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CEO of the Year finalists 2013: Success, in their own words


Eric Gutknecht

Continental Sausage


CEO since: 2003

“One that sticks with me is the time I toured a very large slaughterhouse in 2002. The inhumane animal husbandry practices were quite disturbing to witness. This cemented our decision to completely shift our purchasing protocols, sourcing materials exclusively from sustainable family farms that treat their animals humanely and allow their animals to range freely. I had often heard and read about livestock industry conditions, but seeing it firsthand defined how I, and our company, operate.”


James Basey

Centennial Bank


CEO since: 2010

“Two years into my work at Colorado National Bank, I volunteered to manage the accounting department. I had joined the bank right out of college and following a short stint in the Marine Corps.  I was a ‘green eye shade’ accountant, one step above the mailroom, working solo on CNB’s Income Taxes and Profit Plan – a great entry-level position. The accounting department was waving goodbye to its third manager in two years. I had no management experience, and, in fact, had never managed anyone, and knew little about what went on in the department. but I was confident that I could pick it up on the job. I also believed that having strong management skills would be essential to a successful banking career. It was the toughest job I ever volunteered for, and I have volunteered for many ‘dirty’ jobs over the years. It turned out to be the best concentrated education that I ever received. I replaced my boss before his retirement date and have benefited daily over the last 40 years from those tough lessons.”


Yosh Eisbart



CEO since: 2009

“In 2006, my co-founder Michael Pytel and I were given the opportunity of a lifetime when we were tasked with building an SAP consulting practice for one of North America’s largest IT staffing firms. While the company was a wildly successful, $800 million powerhouse, they had not yet mastered moving up the food chain toward solutions. We were responsible for architecting an SAP consulting practice essentially from scratch, including go-to-market strategy, solution engineering pre-sales, P&L responsibility, delivery excellence, business development, marketing, etc. Our executive real-world MBA was in full-swing. Traveling the country across the 35 offices, cultivating sales and delivering best-in-class SAP consulting services, we had been pivotal in building a $30 million SAP practice experiencing 300 percent growth year-over-year in three short years. On a routine United Airlines flight 437 from Salt Lake City home to Denver in late 2008, we decided the time was right for creating our own company with $2,000 of self-funding. NIMBL was born.”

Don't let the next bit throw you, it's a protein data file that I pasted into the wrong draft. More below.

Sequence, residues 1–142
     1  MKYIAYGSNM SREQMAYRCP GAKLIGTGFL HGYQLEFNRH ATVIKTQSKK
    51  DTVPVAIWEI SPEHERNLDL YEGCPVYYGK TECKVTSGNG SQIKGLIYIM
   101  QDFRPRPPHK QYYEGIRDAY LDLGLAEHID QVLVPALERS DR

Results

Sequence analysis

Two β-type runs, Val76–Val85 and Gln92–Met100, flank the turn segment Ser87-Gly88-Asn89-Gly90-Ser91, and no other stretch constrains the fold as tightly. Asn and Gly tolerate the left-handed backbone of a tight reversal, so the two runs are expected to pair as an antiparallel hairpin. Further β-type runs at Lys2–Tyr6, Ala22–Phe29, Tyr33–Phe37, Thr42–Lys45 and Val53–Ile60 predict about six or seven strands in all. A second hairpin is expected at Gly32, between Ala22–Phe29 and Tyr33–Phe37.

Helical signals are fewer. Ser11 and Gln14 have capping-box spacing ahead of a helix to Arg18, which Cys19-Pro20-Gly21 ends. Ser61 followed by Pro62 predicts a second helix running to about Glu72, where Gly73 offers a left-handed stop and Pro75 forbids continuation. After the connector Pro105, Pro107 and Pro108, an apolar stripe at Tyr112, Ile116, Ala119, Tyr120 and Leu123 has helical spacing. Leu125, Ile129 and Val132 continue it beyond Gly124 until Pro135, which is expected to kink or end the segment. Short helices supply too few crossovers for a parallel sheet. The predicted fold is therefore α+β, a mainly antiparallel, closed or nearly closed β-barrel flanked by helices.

Andre Durand

Ping Identity


CEO since: 2001

“In 1997, while running my first company, I had arranged a much-needed financing. On the day the money was supposed to come, I received a call from the investor saying he had changed his mind and was not going to invest. My whole life flashed in front of me as I thought, ‘The next few words out of my mouth had better be good.’ Fortunately, I was able to convince him to follow through with the investment. It highlighted for me the quintessential moment that an entrepreneur is put to the test, namely, their ability to raise capital in a moment of need and vulnerability.”


Justin Anthony



CEO since: 2012

“That moment came the first time one of my employees was promoted. Successfully completing projects and hitting personal growth goals is one thing. Realizing that you can have a positive impact on the career and growth of others elicits an unparalleled sense of pride and accomplishment. This is true inside and outside the company. Sometimes it’s even more true when you see that person flourish outside of the environment they came up in. Cliché or not, regardless of how talented or intelligent you are, it’s your ability to put together a team that drives success.”


Jim Deters

Galvanize LLC


CEO since: 2011

“A defining a moment of my career was stepping away from my career when my third child was born to be with my family.  I want to be the father of the year – make that the decade!  The best thing that leaders can do is to recharge. It will help you make better decisions, and happiness will result when you step away and do something physical. So go for a hike, bike or run.”

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Maria Martin

Maria Martin is a freelance writer.

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